Nikon Learn & Explore

What it Takes

David Tejada portrait of female archer

© David Tejada

D700, AF Zoom-NIKKOR 80-200mm f/2.8D ED

First, it takes observation. “Let’s say I’m driving down the street and I see some interesting light effects happening,” David X. Tejada says. “I realize that what I’m seeing is sunlight bouncing off the windows of nearby buildings. That’s an effect I might want in a picture someday, but how I’ll get it won’t necessarily have anything to do with sunlight or windows or buildings; it will have everything to do with me figuring out how to duplicate the look and the effect of that light.”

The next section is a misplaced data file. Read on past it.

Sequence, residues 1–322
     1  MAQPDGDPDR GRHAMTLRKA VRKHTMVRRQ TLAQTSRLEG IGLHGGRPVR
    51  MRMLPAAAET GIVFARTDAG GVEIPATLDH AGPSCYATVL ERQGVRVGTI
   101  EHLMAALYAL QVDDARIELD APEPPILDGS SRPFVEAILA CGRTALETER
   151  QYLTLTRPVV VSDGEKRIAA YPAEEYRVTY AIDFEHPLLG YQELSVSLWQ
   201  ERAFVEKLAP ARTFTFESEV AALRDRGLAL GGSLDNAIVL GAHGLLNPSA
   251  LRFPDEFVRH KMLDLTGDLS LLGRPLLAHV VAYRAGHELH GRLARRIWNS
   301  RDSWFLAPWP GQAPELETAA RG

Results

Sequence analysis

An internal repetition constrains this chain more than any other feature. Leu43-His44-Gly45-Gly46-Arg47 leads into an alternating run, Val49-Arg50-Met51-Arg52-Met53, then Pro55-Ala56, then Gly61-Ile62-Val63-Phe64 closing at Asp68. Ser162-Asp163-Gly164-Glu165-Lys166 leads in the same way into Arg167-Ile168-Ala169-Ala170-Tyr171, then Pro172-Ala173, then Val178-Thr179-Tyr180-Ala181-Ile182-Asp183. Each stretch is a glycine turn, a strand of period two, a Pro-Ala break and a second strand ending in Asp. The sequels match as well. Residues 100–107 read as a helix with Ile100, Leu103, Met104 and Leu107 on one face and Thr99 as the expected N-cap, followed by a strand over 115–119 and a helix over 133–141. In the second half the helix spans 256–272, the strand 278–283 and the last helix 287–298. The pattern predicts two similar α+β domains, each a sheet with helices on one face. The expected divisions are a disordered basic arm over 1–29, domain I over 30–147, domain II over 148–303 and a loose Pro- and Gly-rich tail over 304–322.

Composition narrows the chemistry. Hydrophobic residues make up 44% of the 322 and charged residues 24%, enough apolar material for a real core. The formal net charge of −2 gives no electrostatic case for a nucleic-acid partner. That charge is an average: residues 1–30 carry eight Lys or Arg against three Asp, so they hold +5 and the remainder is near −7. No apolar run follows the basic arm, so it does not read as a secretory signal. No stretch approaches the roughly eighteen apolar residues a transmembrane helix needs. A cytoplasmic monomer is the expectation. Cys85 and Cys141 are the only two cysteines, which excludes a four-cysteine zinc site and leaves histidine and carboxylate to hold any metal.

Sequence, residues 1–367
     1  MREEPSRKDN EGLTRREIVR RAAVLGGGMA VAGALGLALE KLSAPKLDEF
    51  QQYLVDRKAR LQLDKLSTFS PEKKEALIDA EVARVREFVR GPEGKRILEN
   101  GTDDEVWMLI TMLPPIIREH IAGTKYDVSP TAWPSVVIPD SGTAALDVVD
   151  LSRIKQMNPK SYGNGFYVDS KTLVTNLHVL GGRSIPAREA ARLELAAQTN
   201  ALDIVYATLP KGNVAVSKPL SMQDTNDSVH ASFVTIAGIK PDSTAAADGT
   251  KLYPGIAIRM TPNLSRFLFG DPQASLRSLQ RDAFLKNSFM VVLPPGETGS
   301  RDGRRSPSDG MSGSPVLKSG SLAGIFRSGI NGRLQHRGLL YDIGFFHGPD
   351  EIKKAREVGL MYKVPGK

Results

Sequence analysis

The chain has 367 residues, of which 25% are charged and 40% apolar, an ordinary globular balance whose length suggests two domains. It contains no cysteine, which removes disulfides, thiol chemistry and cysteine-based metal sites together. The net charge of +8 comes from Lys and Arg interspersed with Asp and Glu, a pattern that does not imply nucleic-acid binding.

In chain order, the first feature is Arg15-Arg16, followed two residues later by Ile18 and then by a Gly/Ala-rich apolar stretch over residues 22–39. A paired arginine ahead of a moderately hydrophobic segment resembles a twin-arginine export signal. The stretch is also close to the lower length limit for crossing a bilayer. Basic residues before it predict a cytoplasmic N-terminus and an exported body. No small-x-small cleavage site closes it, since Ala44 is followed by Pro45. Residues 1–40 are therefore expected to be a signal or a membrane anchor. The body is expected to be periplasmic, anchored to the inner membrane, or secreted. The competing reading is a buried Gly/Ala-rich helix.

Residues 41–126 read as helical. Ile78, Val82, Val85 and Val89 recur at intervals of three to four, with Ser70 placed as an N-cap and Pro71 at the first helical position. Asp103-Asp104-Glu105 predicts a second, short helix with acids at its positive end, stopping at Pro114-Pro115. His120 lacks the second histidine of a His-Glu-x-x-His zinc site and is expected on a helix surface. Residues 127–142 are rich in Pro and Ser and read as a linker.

That’s the key to how David works with his Nikon Speedlights. He doesn’t set out to imitate natural light; rather, he aims to imitate, or duplicate, what natural light does in a scene.

“I’m not going to try to duplicate, for example, dappled light coming through trees. I want to duplicate what dappled light looks like when it gets through the trees.”

Although David has been working with flash for over 30 years, things are very different these days. “I don’t carry my studio strobes anymore,” he says. “I’m strictly Speedlights, and I find I’m much more creative and much more spontaneous, and I’m producing much better work with the small lights and modifiers.” Among the modifiers are softboxes, barndoors, grids, snoots, Cinefoil, acetate sheets, silks—in other words, “whatever it takes to get the job done.”